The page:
The Complete Thinker: The Marvelous Mind of G.K. Chesterton - A wonderful introduction to the most important foundations of Chesterton's thinking and how it explains our world. Well written and easy to read.

My Sisters the Saints: A Spiritual Memoir - Before I read this book I had this vague impression that it was going to be an overly sentimental and pious spiritual memoir that I would find boring and annoying. Thank goodness I was wrong in every way! A touching, relatable, and wonderfully told memoir of a modern woman encountering holy women in the Church.

Happier at Home: Kiss More, Jump More, Abandon Self-Control, and My Other Experiments in Everyday Life - I didn't find this book completely revolutionary like many purport, but still really enjoyed it. I agree wholeheartedly with her thesis that home is the most important place in our lives and deserves time and attention to make us happier. Worth the read for sure.

A Magnificent Obsession: Victoria, Albert, and the Death That Changed the British Monarchy - I'm a huge British monarchy nerd and love a good royal biography like nobody's business! This book was a very interesting look at the relationship between Victoria and Albert and how his death helped create the Victoria of history.

Dad Is Fat - Absolutely hilarious and a treat to read! I was in tears in so many different parts and could have sworn he was writing about my life. Anyone with kids will relate, but anyone with more than 3 will be in stitches!

Ten Ways to Destroy the Imagination of Your Child - A little long winded in sections, but overall a complete manifesto on how I want to raise my kids. It really opens your mind to how our world has changed the way children learn and how it has impacted our children's moral development and childhood.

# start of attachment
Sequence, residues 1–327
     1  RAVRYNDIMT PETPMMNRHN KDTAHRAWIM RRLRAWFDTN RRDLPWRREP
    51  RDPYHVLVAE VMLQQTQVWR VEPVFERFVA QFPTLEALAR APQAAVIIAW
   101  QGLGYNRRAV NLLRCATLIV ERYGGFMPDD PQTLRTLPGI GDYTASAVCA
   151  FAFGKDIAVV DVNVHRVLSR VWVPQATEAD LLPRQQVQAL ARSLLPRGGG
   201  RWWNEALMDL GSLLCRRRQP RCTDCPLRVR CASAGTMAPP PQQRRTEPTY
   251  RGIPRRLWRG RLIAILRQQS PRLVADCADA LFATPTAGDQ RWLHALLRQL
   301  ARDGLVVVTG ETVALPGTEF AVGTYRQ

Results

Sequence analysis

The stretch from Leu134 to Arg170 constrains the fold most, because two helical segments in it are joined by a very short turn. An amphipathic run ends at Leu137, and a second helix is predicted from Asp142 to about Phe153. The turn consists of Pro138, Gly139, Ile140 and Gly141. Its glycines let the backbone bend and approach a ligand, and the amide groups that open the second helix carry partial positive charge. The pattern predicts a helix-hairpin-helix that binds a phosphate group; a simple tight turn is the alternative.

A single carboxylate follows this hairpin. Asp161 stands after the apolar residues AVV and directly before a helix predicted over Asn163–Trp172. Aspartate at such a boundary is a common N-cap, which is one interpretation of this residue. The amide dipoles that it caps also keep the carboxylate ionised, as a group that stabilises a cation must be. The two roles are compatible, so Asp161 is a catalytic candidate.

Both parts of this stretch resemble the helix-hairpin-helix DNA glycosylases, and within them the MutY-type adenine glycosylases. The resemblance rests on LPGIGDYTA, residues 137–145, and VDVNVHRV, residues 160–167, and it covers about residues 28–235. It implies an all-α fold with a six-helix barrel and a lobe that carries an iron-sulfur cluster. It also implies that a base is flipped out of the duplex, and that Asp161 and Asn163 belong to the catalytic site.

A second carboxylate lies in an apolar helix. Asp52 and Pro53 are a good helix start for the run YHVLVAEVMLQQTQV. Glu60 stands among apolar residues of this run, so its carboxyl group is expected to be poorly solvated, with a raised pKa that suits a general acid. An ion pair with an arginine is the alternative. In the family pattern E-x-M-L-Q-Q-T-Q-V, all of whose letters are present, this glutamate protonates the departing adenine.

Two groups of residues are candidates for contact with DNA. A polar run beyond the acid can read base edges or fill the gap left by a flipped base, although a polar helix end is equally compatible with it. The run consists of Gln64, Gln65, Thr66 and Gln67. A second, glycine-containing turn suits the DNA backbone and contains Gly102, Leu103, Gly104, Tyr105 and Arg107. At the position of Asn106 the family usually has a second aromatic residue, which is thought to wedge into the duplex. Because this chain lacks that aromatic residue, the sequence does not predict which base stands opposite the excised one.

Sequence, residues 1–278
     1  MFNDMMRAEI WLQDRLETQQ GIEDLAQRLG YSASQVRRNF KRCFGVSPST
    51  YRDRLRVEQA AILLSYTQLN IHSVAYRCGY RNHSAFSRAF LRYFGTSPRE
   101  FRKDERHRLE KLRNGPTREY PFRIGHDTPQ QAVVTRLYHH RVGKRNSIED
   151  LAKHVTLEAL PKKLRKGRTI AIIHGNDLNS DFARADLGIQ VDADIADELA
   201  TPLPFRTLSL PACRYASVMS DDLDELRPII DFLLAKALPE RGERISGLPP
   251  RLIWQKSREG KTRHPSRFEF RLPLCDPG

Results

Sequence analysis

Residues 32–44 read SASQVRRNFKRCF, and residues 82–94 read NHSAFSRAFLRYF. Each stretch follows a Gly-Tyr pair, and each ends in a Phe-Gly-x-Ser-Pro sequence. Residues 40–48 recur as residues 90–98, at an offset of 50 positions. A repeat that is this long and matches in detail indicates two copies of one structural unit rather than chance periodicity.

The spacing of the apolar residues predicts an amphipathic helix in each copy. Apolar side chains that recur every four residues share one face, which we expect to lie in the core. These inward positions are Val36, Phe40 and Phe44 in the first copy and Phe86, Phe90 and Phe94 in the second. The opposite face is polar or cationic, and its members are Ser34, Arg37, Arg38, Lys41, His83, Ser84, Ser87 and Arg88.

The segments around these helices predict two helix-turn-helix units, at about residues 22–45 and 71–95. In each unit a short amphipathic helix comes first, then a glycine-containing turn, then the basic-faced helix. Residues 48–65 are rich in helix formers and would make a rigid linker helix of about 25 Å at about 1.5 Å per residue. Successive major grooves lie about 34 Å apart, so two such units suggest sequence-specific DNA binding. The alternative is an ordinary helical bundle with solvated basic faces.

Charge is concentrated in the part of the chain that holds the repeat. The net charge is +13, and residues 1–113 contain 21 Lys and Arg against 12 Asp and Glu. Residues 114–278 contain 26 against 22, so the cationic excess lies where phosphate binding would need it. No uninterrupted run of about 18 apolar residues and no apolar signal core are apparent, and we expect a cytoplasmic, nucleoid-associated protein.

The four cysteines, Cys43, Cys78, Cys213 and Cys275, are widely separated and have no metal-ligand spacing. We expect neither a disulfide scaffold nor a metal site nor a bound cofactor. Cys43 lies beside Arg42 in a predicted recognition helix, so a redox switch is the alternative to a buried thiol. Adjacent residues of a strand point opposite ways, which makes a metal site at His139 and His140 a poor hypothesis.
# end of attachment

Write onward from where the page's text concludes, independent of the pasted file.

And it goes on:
Garlic and Sapphires: The Secret Life of a Critic in Disguise - Ruth Reichl is an amazing food writer and this book was a pure pleasure to read. I loved being invited into her interesting tales of being a food critic.

The Professor and the Madman: A Tale of Murder, Insanity, and the Making of the Oxford English Dictionary - An incredibly well-written tale of the strange way the Oxford English Dictionary came into existence. What's that? A book written about people writing a book sounds boring? Well, this will completely change your opinion of that genre!

In the Heart of the Sea: The Tragedy of the Whaleship Essex - Because a tale of cannibalism is a great way to get perspective on a crappy day spent with toddlers! But really, an amazing story and a well-done history. I regaled stories from this book to my husband who thought I was making it all up.

Pope Awesome and Other Stories - I can't recommend this book enough. If you're looking for a book to encourage your own heart in faith and family, or to open the eyes of a friend I'd suggest this book every time. A well written tale of a modern woman finding faith and family in a world that tries its best to stifle both.

Books I Hated and Books I Thought Were Just Alright

Sometimes its just so much fun to complain about bad books amiright? Here's some that were atrocious that I somehow finished out of my compulsive must-finish-every-book-I-read disorder.

Gone Girl - I honestly don't understand how this book is such a raging bestseller, but I'm going to blame the general uneducated state of society today. This book was sloppily written, had the most unlikeable characters, and had a twist ending that anyone could see coming from about 12 miles away. I honestly shouldn't have finished it, and I'm still bitter I won't get those hours of my life back. Horrible!

Still Alice - This is a book that I didn't hate per say, but didn't live up to my expectations. A story detailing the heartbreak of alzheimer's disease, this book seemed to be building to being a great book but never quite made it there. I found the prose clunky and a little cold as well.

Z: A Novel of Zelda Fitzgerald and The Paris Wife - I went on a bit of a kick where I could only read novels based on the lives of wives of famous writers from the 1920's. They were both decent, although I didn't love the books. The Paris Wife was the better written book which details the life of Ernest Hemingway's first wife Hadley, while Z tells the tragic life of Zelda Fitzgerald.

Austenland - I'm not a fan of fan fiction generally, and this proves me right yet again. I honestly thought this book was terrible. The movie might be entertaining as it tells of a young woman trying to understand love by going to a spa-come-Jane Austen re-enacting-theater of sorts.